Unions, liberalism, and a tragic age

Last week, labor organizers finally won a vote to unionize an Amazon warehouse. Amazon, of course, spent multiple fortunes attempting to bust the union before it began (and is still trying to get the election result thrown out).

Organizers are, justifiably, very proud of their effort. They have fought and fought, losing again and again, with the unionbusting abuses by Amazon growing more and more outrageous. It is quite understandable they should feel like this is their achievement.

Yet as people celebrate victories like this, I keep feeling like something is getting left out. Even as working Americans are becoming eagerly pro-union, in relative terms, the whole foundations beneath organized labor are under an assault which has little standing in its way.

Our political system, including too much of the Democratic Party, has either dismantled collective bargaining protections or permitted their dismantling for decades. It is, again, very understandable that a lot of people fighting for these unions feel like they’re doing it on their own, without help from government, without allies among politicians. The fight is unreasonably hard, the elections are absurdly unfair, corporate employers violate rules basically with impunity.

But the very existence of rules at all, of elections which can be won, of the specific prize for which they judge the fight to be worth it—all of this is policy infrastructure which was created by politics and which politics is taking away.

There is a clear difference between the Democrats who mostly, very belatedly, support not only preserving collective bargaining rights but strengthening them considerably, and the Republicans who not only want to shred what remains of those rights into confetti, but also want to rig the political system so that Republican power and policies are permanent.

I don’t get the impression that this is at all a consideration among the resurgent labor organizing movement, let alone the public which professes broad support for it, or that it is close to becoming a consideration.

As usual, I don’t think there is much which can realistically be done about this, at this point; I like to believe that things could be otherwise but I’m not sure how. Complacency is obviously a big part of human nature, or at least human culture. Things work a certain way for a while and most people just stop taking seriously a possibility of them not working that way.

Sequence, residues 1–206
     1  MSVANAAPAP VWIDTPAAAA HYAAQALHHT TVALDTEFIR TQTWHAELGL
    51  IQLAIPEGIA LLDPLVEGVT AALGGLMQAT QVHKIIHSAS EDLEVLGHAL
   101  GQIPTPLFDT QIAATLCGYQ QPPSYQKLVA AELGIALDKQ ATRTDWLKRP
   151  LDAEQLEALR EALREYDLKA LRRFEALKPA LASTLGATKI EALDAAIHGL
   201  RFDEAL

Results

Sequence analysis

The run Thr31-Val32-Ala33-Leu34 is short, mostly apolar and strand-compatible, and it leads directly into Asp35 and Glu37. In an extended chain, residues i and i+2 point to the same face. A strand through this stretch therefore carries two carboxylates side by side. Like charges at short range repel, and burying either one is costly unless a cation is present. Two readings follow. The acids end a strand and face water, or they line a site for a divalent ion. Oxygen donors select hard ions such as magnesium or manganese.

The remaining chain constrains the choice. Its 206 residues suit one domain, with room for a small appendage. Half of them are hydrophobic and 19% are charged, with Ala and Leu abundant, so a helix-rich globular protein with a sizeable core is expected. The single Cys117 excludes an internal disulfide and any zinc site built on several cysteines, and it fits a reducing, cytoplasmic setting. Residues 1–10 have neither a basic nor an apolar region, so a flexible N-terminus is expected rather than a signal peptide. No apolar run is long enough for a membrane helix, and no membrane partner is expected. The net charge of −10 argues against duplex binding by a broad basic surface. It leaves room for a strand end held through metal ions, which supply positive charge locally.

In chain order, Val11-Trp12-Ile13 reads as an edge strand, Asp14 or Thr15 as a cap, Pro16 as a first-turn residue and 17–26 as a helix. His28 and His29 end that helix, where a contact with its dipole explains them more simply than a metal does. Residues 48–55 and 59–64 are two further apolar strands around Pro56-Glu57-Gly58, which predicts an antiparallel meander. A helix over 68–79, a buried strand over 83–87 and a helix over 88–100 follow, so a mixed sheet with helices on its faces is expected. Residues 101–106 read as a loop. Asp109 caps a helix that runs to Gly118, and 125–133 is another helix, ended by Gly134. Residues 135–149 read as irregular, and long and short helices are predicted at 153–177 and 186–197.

It seems to be a much bigger issue than unions and collective bargaining rights, too. I have mentioned Teri Kanfield’s interesting observation that most people just don’t notice or imagine how much even a frustrating, pitiful, dysfunctional liberal democratic government improves their lives compared with an entirely unrestrained autocracy, and that I quite agree. Just this evening I listened to my state representative talk about how, amid hotbutton controversies which at least some people notice, the Republicans who run Ohio are regularly changing laws to take away e.g. more and more consumer protections, with basically zero notice.

Meanwhile, while this can be explained as ignorance, complacency, apathy, etc. I think that it can also usefully be thought of as a tendency for infrastructure to be taken for granted, a tendency which liberal institutions themselves seem to share. From journalism which relies on actively protected press freedoms, to advocacy organizations which rely on legislators who care about public input, to political organizations which rely on elections being winnable, to almost the whole array which relies on a fair and impartial legal system; American liberalism just seems incapable of dealing effectively with the assault on these things, probably in part because most people have neither the imagination nor the training to make any alternative seem real until well after it has become real. The international liberal order seems similarly at a loss.

It astounds me how slow learning is, generally; this is really kind of a separate topic, but the past week’s “discovery” that invading Russians committed horrible war crimes in Ukraine just felt surreal. I mean, we established this weeks ago, I have receipts?

I have to suppose realization that the buttons and doors and other infrastructure of liberal democracy just aren’t workable will be very slow in coming, too slow.

I like to imagine that it could be otherwise, that infrastructure like this can somehow be more valued, both to protect it and to assist the case for further progress, through better understanding that people are benefiting from collective action and not simply “getting it done on their own” in natural conditions. Just as I like to imagine that a stronger democracy is possible, maybe even one capable of the challenges of a huge multiethnic empire like the US.

But I don’t think we have or are anywhere close to the kind of systems which could accomplish that.

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